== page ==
Where will COVID testing be set up at Windsor border crossings?
WINDSOR, ONT. -- On-site COVID-19 testing is slated to begin first thing Thursday morning at the Windsor-Detroit Tunnel and Ambassador Bridge in Windsor.
“We found out about, I would say two-three weeks ago they were coming to set up,” says Chris Tremblay, general manager of Windsor Detroit Borderlink, operator of the Windsor-Detroit tunnel.
The Public Health Agency of Canada (PHAC) and the Canadian Red Cross are setting up three trailers in the parking lot of the Duty Free store at the tunnel.
Tremblay says he has been trying to give them as much space as they need, without impeding the store, which only just reopened because of COVID restrictions on retail.
It’s a similar setup at the Ambassador Bridge.
Randy Spader, Manager of Operations says the testing trailers will be at the south end of the Duty Free parking lot to the east of the bridge.
Spader says he doesn’t expect there will be any impact to essential commuters or the commercial trucking industry because the testing will be done essentially across the street.
Non-essential travellers must have a negative COVID test and get tested when they arrive. Windsor will have on site testing to help, but they must still do the Day 1 test and the Day 10.
He says they expect the testing sites will be up and running by Thursday morning as well.
PHAC has confirmed the military will not be on the ground in Windsor as they are at other “high volume” border crossings in Canada.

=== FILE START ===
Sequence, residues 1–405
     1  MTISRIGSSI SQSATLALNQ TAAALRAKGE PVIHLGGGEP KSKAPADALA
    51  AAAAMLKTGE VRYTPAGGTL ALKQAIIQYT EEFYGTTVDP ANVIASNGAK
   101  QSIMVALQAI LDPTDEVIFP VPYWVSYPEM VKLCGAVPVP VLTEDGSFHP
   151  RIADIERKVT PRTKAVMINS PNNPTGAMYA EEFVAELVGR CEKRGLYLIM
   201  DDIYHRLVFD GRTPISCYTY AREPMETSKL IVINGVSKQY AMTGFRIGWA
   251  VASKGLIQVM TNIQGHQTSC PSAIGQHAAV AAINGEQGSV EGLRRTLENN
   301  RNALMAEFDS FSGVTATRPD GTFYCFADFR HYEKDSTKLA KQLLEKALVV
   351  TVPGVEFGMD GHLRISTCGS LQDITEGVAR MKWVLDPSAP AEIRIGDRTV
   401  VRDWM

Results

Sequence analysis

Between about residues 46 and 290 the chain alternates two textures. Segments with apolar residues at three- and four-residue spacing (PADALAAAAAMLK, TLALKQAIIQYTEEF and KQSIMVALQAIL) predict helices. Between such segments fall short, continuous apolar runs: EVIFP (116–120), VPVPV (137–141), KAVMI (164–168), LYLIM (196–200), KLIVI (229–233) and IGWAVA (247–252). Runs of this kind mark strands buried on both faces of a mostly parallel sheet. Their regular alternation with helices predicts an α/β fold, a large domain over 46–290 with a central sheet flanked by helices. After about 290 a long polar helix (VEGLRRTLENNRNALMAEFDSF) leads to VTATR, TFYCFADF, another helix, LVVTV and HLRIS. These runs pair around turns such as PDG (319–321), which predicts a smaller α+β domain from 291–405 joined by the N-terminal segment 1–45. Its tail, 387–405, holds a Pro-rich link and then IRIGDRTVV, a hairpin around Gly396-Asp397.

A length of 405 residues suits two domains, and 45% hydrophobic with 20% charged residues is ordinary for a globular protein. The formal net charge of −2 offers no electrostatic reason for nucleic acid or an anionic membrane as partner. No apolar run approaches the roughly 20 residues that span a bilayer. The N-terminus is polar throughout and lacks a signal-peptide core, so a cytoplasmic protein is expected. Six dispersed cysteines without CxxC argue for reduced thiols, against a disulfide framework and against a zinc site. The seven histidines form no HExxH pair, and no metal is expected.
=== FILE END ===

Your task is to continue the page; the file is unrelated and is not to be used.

“The routine, cross-border essential traveller, you won't see any difference. But if you are a non-essential traveller you will be directed to the health screening area,” according to Tremblay.
There, the Canadian Red Cross will take over.
“CBSA (Canada Border Services Agency) provides the travellers with the test. The Red Cross is there to assist,” says Melanie Soler, the vice-president of emergency response operations for the Canadian Red Cross.
“The mandate is that you provide a Day 1 test and also a Day 10 test,” she said. “So we're there to provide guidance and support through the day one test.”
And Soler says they will walk the traveller through the necessary steps for taking the next test and submitting 10 days into their mandatory quarantine.
Once the Day 1 test is submitted to PHAC, Soler says the traveller is free to leave and begin their quarantine.
According to the Government of Canada, just five per cent of current traffic is considered non-essential.
If travellers do not have a negative COVID-19 test taken with 72 hours of arriving at the border, they will be subject to these new land border rules.
Safety Minister Bill Blair says 93 percent of travellers are essential.